“We are also deplaning by row — front to back — to also reduce the number of people customers walk by as they exit,” said Baylis. “This is a good way to reduce the exposure customers have to each other.”

8. Before boarding, the aircraft cabin will be cleaned with an electrostatic sprayer, and high-touch areas will be regularly disinfected.

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The interior of the plane will be thoroughly cleaned using electrostatic technology, and high-touch areas like entertainment screens, seatbelts, armrests, door handles, and onboard lavatories will be regularly disinfected.

9. You’ll be provided with hand-sanitizing wipes as you board, as well as a snack bag in-flight (depending on your flight duration and booking class).

10. On board, there’s a mandated mask policy — for everyone.

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The industry trade organization Airlines for America — which represents United, American Airlines, Delta, JetBlue, and Southwest, among others — announced in June that all of its member carriers will be enforcing a strict face-covering policy.

However, since there's no federal government mandate, each airline is charged with setting its own policies. United offers exceptions for “individuals who have a medical condition or a disability that prevents them from wearing a face covering, those who cannot put on or remove a face covering themselves, and small children,” according to a recent press release.

The airline will also provide masks for travelers who’ve forgotten theirs. “One of the most important things anyone can do to stop the spread of the virus is to wear a face covering,” said Baylis.

11. Passengers who refuse to wear a mask could be put on an internal travel restriction list.

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The incident will be reviewed after the flight, and travelers added to this list could lose their United travel privileges for a period of time.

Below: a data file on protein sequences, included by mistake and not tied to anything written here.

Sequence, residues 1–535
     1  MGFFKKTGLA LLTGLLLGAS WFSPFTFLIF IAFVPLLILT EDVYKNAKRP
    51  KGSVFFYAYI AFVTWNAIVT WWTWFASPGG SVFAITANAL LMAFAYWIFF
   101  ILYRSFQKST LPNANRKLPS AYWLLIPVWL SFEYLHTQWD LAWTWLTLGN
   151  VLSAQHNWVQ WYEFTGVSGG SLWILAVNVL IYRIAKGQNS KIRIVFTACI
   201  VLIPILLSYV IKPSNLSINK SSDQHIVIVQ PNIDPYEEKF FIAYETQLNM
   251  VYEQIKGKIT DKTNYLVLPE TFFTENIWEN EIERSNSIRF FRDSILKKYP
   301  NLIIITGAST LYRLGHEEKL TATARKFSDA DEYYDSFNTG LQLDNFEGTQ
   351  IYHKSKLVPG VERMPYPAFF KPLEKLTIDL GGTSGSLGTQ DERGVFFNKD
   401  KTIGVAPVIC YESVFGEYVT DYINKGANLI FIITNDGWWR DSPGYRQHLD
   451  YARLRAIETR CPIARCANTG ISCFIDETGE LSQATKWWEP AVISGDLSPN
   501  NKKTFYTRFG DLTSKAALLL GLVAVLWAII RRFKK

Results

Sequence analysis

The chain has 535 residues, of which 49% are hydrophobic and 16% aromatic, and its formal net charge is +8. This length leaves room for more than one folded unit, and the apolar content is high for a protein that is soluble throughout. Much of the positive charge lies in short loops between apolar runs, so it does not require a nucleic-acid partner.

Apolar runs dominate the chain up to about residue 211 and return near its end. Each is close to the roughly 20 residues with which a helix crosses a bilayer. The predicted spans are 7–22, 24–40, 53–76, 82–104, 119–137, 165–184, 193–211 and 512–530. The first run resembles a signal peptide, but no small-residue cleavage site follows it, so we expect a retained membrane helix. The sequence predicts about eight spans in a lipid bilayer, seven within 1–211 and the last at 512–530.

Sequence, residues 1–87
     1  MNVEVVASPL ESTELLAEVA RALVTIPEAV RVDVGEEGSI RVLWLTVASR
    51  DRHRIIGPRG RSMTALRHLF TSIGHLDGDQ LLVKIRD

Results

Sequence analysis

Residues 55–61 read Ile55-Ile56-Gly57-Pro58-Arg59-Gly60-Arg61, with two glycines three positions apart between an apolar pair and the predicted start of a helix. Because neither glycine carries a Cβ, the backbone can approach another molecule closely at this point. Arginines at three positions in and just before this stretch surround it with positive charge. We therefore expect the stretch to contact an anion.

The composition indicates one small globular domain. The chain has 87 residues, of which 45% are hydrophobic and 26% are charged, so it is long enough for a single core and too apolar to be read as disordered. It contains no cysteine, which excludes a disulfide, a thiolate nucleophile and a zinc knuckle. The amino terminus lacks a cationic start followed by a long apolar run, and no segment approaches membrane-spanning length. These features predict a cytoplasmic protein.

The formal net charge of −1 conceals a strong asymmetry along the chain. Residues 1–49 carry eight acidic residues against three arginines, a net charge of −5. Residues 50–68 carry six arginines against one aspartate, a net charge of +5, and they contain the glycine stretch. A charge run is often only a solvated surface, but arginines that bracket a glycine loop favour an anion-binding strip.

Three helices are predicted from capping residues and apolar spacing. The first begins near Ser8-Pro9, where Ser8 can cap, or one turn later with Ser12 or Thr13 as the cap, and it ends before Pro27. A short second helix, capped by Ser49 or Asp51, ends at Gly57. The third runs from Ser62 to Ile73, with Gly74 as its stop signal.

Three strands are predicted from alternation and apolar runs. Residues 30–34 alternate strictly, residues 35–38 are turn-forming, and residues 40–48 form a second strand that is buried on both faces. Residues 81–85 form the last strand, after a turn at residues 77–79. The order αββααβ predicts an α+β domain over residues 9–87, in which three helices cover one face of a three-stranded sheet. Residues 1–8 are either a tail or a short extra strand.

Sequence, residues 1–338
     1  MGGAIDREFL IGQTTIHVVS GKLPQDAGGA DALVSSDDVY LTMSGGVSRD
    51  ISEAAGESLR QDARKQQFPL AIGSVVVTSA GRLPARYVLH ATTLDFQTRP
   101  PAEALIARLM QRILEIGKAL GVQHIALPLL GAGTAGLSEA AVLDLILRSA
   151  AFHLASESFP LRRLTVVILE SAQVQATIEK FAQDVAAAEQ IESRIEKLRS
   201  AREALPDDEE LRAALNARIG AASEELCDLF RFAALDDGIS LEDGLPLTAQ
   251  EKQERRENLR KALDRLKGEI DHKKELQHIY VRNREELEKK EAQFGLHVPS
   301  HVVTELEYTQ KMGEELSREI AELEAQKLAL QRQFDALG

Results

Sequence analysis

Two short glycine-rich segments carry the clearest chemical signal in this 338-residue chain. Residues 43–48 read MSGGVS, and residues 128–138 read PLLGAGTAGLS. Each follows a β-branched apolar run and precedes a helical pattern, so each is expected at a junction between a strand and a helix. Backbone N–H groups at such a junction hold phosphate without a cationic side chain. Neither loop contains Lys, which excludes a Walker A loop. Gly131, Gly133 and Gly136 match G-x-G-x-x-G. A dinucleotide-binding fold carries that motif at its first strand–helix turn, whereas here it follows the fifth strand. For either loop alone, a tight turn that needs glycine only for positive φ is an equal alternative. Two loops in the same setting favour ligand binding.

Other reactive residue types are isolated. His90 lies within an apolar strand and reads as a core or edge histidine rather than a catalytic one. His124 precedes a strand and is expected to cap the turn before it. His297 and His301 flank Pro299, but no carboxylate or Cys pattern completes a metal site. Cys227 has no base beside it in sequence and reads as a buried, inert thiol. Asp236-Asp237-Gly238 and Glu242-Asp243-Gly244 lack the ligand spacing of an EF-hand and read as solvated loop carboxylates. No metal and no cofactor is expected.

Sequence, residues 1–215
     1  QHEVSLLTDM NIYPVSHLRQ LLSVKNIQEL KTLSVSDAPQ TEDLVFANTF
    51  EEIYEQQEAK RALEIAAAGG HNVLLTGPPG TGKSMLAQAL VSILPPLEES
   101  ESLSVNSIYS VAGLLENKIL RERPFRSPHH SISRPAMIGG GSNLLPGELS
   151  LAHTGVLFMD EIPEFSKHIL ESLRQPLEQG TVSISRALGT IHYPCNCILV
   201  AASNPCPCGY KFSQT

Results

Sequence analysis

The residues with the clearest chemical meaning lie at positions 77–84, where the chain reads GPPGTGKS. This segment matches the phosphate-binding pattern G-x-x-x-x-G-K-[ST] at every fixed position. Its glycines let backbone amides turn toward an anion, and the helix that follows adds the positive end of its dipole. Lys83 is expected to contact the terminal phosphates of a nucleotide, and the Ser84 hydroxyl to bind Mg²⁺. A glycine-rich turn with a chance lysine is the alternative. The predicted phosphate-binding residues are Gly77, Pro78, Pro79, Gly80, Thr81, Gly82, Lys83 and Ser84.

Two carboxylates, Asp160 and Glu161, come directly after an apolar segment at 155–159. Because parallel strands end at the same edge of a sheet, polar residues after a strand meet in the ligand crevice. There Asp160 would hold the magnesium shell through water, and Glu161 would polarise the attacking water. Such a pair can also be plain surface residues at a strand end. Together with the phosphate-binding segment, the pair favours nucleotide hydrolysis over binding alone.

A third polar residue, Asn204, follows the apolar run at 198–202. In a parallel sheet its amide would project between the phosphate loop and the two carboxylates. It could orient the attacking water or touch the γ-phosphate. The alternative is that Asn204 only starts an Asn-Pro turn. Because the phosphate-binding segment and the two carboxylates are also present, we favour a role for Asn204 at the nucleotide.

This scenario has already played out for other companies, such as American Airlines, which recently banned a passenger who refused to comply with its mask policy.

12. High-efficiency particulate air (HEPA) filters clean and circulate the air during the flight.

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These filters remove up to 99.97% of airborne particles, “including dust, viruses, and bacteria — providing the same degree of protection as those used in hospitals," according to Baylis. "The air circulation completely circulates air every two to three minutes.”

The CDC states that "most newer-model airplanes" have these filters, and as a result, "the cabin air environment is not conducive to the spread of most infectious diseases."

13. Onboard services like booze and pillows have been altered or cut.

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"We’ve also reduced buy-on-board products, including alcohol, to avoid a touchpoint of customers and flight attendants having to share credit cards and additional food items," said Baylis. However, general beverage service has returned to flights over one hour. On international flights, passengers in economy will be offered complimentary, individually packaged beer and wine, while those in premium cabins can get liquor in single-serve bottles.

In addition, the United CleanPlus guidelines note that you can only get a pillow and blanket “upon request on international flights out of our hub airports.”

14. AI and drone-operated cleaning processes and health screenings are being tested out.

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United is testing artificial intelligence that could assist with temperature screening and crowd detection, and working to expand and improve its sanitation methods — including an antimicrobial shield for surfaces and UV cleaning that would be deployed by handheld wands or drones.

15. And while new policies and processes may be lifted eventually, some may be the new reality of air travel.

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It’s hard to say how things will pan out, or what people will feel comfortable with when traveling by air in the future.

“Some of these changes may loosen up over time, especially if there is a vaccine, and some of these policies may be in place indefinitely as we learn new ways to keep customers and employees safe,” said Baylis.